Saying "Yes" - So They Won't know It's No
By Stephanie Olsen
Guiding Behavior for Peaceful Parenting
After this afternoon's fiasco, I've developed a new parenting
philosophy: never deny your child anything.
"Yes, darling, of course you can take drugs (after you kill
me and do away with my body)."
"Sure, dear - do start smoking! As soon as you've eaten these
three packs of menthol cigarettes..."
"Of course you can have a chocolate bar, baby. When you're
finished that broccoli, we'll walk over to the store and buy one."
"You sure can go outside honey! Once we're done picking up
your toys, we'll play on the swings together."
Keep direct negative replies at bay unless it's imperative such
as in a potentially dangerous situation. A curbside "Mommy, can I cross the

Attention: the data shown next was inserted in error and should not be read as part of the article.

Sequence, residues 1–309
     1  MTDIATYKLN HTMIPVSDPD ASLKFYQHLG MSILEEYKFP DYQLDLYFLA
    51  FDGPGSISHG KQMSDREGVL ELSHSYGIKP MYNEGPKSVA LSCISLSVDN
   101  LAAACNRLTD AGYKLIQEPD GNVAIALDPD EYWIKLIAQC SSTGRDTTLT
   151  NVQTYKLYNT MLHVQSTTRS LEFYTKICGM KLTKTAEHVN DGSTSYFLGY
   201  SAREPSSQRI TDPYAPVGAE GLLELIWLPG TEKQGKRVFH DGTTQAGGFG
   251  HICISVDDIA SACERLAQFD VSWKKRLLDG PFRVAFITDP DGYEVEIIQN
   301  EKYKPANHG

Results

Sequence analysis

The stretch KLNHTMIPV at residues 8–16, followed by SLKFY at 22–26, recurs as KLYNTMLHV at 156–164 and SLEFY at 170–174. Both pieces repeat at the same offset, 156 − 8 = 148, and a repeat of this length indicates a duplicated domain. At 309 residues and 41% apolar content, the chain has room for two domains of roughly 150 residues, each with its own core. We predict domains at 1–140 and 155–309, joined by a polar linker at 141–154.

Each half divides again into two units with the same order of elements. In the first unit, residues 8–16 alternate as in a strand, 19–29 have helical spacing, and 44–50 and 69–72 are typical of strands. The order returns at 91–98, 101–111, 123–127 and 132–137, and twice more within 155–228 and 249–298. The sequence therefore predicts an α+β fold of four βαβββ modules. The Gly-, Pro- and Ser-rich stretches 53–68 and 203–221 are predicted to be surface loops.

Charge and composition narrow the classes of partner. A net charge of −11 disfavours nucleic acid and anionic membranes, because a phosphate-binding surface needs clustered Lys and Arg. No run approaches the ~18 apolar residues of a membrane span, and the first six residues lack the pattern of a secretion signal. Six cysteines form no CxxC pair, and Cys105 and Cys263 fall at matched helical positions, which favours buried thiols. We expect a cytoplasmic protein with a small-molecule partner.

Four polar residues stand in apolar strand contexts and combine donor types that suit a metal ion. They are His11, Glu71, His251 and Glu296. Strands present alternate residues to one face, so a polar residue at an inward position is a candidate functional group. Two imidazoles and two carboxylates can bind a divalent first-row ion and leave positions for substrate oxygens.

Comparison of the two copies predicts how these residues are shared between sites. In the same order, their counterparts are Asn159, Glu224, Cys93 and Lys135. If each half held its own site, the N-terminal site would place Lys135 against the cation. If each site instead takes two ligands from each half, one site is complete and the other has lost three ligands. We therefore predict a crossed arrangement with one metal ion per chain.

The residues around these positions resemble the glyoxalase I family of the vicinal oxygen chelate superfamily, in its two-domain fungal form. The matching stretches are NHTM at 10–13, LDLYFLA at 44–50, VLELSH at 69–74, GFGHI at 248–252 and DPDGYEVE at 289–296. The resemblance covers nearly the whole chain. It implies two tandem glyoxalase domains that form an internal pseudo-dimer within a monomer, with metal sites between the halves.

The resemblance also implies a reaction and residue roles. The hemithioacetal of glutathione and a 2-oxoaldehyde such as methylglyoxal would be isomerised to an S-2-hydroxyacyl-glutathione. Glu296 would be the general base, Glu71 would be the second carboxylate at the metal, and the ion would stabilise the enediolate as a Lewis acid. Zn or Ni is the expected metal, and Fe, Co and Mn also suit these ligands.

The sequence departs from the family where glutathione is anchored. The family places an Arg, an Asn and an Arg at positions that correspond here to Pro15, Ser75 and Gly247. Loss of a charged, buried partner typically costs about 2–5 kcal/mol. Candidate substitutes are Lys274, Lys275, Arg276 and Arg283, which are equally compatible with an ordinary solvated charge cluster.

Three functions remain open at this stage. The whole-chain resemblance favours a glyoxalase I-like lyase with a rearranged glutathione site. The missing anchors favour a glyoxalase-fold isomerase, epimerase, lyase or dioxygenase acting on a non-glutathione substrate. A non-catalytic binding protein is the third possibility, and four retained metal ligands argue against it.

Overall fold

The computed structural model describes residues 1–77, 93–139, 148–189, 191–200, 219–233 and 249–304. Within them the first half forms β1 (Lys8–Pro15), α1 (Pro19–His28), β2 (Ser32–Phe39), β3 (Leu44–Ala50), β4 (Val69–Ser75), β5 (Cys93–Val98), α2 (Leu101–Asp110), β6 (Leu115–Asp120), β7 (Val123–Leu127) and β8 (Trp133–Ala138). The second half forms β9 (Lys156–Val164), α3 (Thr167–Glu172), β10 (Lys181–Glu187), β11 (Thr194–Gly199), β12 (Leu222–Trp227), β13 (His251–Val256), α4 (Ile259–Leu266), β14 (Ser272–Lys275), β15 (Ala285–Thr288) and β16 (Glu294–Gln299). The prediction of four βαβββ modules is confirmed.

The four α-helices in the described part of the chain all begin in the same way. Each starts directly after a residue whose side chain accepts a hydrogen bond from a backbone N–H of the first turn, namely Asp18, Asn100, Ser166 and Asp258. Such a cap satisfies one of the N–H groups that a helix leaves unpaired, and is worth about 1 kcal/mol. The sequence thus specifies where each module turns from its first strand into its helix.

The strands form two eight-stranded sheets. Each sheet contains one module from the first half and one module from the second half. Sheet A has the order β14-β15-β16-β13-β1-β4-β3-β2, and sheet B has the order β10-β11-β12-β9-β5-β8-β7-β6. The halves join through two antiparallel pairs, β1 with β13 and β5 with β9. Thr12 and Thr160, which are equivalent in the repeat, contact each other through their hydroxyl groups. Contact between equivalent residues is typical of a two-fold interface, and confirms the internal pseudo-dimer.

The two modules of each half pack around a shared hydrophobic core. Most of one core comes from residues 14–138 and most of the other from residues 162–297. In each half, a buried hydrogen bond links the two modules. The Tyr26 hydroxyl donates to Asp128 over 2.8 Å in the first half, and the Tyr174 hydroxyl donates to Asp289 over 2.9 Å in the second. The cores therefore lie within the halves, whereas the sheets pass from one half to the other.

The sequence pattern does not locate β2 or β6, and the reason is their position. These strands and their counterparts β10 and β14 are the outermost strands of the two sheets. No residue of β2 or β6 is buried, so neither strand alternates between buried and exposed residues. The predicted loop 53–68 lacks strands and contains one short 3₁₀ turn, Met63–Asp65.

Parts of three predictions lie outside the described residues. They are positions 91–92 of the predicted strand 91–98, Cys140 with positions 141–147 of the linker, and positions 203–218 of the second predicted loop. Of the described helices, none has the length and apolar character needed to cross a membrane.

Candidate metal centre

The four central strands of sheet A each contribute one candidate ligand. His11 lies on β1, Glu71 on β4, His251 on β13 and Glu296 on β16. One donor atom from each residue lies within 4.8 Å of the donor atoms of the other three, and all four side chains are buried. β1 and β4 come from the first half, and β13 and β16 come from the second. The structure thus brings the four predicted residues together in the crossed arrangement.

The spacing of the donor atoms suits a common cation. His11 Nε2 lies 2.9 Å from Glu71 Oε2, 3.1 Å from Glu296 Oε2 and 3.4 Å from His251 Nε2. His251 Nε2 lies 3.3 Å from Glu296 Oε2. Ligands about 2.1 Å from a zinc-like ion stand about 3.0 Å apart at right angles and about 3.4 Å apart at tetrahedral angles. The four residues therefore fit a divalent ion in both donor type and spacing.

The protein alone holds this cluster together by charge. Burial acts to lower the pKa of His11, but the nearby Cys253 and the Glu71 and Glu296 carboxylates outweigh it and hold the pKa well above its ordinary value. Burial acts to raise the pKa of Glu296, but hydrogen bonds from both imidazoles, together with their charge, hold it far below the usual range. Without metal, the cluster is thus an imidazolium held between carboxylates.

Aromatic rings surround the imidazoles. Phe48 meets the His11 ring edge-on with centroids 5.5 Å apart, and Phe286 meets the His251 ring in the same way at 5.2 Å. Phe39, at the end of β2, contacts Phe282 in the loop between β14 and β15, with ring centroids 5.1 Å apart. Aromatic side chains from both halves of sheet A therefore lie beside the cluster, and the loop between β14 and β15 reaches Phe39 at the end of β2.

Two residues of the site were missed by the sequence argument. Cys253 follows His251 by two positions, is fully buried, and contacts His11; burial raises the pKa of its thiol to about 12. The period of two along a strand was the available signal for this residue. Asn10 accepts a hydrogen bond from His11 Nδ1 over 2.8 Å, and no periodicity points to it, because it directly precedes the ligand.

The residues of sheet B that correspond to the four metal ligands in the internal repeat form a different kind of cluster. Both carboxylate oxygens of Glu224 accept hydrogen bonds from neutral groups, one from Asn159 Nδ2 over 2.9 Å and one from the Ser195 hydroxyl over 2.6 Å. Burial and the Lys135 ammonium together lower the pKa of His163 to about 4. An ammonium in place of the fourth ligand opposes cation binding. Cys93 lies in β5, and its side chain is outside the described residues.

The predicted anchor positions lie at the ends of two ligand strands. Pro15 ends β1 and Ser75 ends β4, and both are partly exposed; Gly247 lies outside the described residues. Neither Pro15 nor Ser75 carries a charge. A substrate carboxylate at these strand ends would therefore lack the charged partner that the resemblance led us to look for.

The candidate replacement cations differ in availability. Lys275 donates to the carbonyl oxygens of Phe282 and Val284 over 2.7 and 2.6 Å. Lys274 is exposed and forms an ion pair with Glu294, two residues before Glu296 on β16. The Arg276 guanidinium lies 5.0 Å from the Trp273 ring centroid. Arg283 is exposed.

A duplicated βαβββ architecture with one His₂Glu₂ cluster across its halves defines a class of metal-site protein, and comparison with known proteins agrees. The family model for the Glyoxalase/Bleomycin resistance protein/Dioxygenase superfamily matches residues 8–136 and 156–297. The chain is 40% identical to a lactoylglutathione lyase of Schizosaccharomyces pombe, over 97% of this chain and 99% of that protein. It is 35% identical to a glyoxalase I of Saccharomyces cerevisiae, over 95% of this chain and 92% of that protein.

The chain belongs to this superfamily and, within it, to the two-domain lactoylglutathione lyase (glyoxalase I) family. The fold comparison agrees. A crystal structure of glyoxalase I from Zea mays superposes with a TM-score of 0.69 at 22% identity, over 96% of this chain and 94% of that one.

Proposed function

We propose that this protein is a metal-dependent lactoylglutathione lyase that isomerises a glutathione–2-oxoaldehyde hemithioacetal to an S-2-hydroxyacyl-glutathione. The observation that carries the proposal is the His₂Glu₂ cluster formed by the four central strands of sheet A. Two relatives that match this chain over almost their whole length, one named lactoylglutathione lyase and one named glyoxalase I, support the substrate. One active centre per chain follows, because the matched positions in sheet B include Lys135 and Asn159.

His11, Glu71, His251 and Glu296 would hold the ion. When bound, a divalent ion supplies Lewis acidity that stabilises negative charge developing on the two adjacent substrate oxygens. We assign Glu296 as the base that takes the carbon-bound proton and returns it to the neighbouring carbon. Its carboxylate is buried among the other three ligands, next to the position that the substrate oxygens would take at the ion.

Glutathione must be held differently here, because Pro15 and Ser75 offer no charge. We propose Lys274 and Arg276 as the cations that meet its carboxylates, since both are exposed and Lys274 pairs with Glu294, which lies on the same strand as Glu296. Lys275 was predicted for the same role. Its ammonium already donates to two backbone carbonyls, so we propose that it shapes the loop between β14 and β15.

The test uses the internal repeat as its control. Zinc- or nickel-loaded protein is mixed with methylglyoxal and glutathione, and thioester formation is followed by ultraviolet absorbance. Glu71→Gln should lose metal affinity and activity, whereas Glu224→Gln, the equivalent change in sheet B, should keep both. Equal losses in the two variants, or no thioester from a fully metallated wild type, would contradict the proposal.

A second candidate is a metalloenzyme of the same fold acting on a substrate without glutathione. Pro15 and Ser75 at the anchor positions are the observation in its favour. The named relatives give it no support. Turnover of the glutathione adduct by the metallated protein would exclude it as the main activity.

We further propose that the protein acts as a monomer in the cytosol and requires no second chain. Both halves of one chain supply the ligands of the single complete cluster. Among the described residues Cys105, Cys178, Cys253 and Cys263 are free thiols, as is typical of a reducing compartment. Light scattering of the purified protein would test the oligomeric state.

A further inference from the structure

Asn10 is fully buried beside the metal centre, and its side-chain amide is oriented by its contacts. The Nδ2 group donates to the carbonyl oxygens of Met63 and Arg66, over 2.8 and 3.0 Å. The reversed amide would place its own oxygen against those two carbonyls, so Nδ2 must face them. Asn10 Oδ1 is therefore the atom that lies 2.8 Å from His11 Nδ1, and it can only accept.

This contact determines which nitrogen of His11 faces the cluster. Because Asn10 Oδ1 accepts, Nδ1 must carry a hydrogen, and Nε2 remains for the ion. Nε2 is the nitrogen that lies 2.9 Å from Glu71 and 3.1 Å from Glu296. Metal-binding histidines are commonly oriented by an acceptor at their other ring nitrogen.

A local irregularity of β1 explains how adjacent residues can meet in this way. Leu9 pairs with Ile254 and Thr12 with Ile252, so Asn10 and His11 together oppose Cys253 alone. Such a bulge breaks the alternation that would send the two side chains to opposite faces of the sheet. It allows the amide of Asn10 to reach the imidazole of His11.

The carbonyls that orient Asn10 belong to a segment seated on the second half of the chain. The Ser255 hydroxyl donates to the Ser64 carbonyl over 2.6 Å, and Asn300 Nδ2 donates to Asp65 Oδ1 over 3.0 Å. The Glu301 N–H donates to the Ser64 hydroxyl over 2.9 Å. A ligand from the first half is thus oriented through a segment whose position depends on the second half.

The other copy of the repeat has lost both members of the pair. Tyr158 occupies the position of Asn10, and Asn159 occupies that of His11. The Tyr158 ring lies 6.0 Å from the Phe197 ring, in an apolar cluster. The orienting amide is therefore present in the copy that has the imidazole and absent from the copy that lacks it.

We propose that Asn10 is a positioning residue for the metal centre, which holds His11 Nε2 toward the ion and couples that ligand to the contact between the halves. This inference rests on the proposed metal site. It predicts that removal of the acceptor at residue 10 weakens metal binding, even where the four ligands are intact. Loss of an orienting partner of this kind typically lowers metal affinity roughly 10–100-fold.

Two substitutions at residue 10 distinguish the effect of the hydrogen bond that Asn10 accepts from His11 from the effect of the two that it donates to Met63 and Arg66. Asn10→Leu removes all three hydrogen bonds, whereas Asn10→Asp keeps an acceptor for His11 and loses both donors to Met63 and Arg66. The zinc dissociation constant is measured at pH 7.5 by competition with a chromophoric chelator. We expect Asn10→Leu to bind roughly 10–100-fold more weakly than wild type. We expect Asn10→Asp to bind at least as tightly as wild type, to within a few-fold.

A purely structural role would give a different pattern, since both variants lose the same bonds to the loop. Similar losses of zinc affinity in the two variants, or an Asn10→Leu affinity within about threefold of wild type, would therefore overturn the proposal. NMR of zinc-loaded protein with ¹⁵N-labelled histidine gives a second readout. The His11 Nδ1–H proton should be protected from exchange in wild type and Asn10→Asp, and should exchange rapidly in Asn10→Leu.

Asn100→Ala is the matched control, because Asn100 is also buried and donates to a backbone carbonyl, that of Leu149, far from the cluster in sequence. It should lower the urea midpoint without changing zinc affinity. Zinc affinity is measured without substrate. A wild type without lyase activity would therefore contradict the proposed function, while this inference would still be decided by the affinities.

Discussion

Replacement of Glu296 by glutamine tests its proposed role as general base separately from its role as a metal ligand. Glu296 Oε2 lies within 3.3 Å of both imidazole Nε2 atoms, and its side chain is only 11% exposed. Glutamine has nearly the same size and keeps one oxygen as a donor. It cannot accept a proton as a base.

street by myself?" needs to be dealt with instantly and distinctly. Discussion
and education can take place later.
Of course, you've got to be right on the ball otherwise it's
quite possible that you may inadvertently agree to bungee-jumping directly the
vacuuming is done. If you've erred, the back-up here to is belly laugh loudly
(holding your sides for further effect), wipe your eyes and say: "My, my! I'm
just being so silly today!"
If you're in a non-critical circumstance but still need to say
"no" (such as the invariable plea to stay up a little longer), by going
sideways: "On the weekend, you can stay up till 10:00, but only if you go to
sleep right now".
By using "no" less often, it will be taken more seriously by the
kids when you do say it. In the same way, your qualified yes gives the child
what she wants ("yes, you can paint") as well as what you want ("as soon as we
put away these puzzle pieces"). Tasks assigned with your proviso should be done
together as much as possible, to keep your positive-negative positive, non?